Congress Seeks to Update Its Computer Systems
WASHINGTON — Congress is trying to catch up to the computerized automation that is running many American businesses but only now is filtering into more conservative government offices.
A House committee held a hearing Thursday to determine how to bring greater efficiencies into government operations through new computer architecture.
“I think often they feel their job is to keep the status quo,” said Stephen Dwyer, a technology policy advisor to the House majority leader, as he testified to the House Select Committee on the Modernization of Congress.
He was referring to members of the U.S. House administration who he has advised on technology management.
In one example, congressional staff members sometimes spend 12 to 15 hours arranging for groups of constituents to visit the Capitol and their representative. Computerized reservation systems could reduce the staff members’ time commitments to minutes, according to computer experts who testified Thursday.
Dwyer described the Dome Watch app as one of the greatest technology innovations in Congress. It posts information from the House intranet to update subscribers from among the congressional staff, the media and the public on the latest developments from the House floor.
But Dwyer said other innovations are needed, such as developing a system for accepting and reviewing unsolicited bids by government contractors, posting public comments on websites and having a single point-of-contact for computer issues in Congress. Currently, authority for managing computer systems is dispersed among several offices.
“There are a lot of good ideas out there,” Dwyer said. “We just need to improve the method for collecting them.”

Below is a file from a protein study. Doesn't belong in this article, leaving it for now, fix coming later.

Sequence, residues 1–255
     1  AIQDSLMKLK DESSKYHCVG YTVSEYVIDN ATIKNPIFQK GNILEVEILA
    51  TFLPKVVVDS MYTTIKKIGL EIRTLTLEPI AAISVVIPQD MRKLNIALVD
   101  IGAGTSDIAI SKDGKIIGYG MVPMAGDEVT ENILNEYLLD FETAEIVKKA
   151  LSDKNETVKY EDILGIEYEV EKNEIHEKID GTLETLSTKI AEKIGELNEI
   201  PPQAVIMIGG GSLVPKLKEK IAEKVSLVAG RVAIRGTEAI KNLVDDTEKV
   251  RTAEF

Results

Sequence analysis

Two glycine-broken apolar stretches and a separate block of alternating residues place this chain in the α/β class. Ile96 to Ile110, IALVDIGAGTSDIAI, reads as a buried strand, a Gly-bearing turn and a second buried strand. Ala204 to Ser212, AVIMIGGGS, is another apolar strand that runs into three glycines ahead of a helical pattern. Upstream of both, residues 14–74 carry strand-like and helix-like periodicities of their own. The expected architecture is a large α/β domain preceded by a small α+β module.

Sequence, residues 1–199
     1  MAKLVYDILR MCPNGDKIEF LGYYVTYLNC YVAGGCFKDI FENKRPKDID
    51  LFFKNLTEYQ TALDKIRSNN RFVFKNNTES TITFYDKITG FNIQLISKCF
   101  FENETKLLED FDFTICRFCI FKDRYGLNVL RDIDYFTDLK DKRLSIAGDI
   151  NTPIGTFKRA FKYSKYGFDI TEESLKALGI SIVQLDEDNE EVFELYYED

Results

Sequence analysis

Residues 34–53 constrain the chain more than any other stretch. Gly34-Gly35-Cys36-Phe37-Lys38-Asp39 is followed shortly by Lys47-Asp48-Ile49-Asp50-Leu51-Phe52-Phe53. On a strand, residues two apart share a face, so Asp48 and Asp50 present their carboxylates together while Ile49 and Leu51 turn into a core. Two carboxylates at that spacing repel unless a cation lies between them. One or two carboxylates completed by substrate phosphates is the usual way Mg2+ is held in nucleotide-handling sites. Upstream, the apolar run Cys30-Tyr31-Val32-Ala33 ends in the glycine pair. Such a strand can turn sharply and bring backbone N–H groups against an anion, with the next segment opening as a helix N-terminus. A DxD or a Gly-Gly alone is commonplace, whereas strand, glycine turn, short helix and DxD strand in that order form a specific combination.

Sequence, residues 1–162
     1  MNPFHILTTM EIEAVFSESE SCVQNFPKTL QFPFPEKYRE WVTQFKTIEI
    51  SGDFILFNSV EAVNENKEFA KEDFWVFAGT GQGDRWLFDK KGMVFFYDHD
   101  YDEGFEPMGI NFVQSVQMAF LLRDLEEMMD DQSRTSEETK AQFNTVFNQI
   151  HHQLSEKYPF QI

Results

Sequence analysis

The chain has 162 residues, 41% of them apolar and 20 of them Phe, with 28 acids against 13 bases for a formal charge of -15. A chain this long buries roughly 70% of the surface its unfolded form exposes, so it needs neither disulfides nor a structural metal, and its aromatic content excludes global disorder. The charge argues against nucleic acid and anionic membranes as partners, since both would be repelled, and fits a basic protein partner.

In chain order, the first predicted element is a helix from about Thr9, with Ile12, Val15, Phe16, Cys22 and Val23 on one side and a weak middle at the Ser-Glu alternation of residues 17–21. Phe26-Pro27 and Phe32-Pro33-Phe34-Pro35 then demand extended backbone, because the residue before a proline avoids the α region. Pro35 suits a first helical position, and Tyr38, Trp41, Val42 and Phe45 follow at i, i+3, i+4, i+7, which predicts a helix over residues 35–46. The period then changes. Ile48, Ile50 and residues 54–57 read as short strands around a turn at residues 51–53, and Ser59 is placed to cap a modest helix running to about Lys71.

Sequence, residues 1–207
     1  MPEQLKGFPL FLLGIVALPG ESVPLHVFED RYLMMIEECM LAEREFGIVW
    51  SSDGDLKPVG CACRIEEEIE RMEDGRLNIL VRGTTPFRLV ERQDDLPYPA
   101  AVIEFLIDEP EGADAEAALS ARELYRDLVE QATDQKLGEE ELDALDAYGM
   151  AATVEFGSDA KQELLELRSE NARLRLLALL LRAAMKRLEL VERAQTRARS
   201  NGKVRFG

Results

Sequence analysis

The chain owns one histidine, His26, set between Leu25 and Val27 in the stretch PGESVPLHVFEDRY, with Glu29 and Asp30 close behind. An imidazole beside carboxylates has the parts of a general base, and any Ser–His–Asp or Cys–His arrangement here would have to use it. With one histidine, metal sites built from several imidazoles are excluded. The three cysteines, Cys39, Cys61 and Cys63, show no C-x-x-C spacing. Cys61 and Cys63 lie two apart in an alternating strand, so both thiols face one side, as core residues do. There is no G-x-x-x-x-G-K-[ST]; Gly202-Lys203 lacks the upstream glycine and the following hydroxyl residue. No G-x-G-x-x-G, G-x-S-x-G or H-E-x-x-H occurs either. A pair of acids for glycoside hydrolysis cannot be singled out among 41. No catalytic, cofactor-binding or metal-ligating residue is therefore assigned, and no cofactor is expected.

Reynold Schweickhardt, an advisor from the San Francisco, California-based Lincoln Network, suggested greater use of open-source technology.
Lincoln Network is a foundation that advocates market-oriented ideas to improve innovation and social policy.
Open-source refers to computer software that the owners release under commercial licenses that grant customers rights to use, study, change or distribute the software and its source code to other persons. It generally refers to off-the-shelf computer apps that are modified for specific customer needs.
In the case of Congress, the needs would be more efficient government operations.
Schweickhardt made similar comments in response to inquiries from The Well News, saying, “A strategy on when and how to effectively use open-source and outside experts to accelerate innovation would be a great start.”
He also suggested greater coordination within government agencies and departments.
“The committee should look at the interdependent capabilities which can drive innovation,” Schweickhardt said. “If you hire a Formula One driver and give her a golf cart, she isn’t going to get very far. Siloed technical teams with different charters, lack of overall governance for technical projects, and difficulty for outside civic tech experts to effectively participate are aspects of the problem.”
Lurking behind any hopes for new computer wizardry, lawmakers and witnesses also acknowledged security risks.
This month, the Biden administration’s top cybersecurity experts warned that cyberattacks are the new normal for U.S. corporations and government agencies.
The warning follows a year of ransomware attacks that deeply hurt major businesses and thinly veiled threats by the Russians to retaliate against the computer infrastructure of anyone helping the Ukrainian war effort.
“The prospect of cyberattacks here at home — whether by Russia or other malign state and non-state actors — will not dissipate anytime soon,” Cybersecurity and Infrastructure Security Agency Director Jen Easterly and National Cyber Director Chris Inglis wrote in an op-ed for the online publication CyberScoop.
Lawmakers on the select committee did not propose specific solutions to their computer needs, only agreement with the cyber experts that Congress needs an upgrade.
“We know that Congress has a lot of catching up to do when it comes to technological innovation,” said Rep. Derek Kilmer, D-Wash., the committee chairman.
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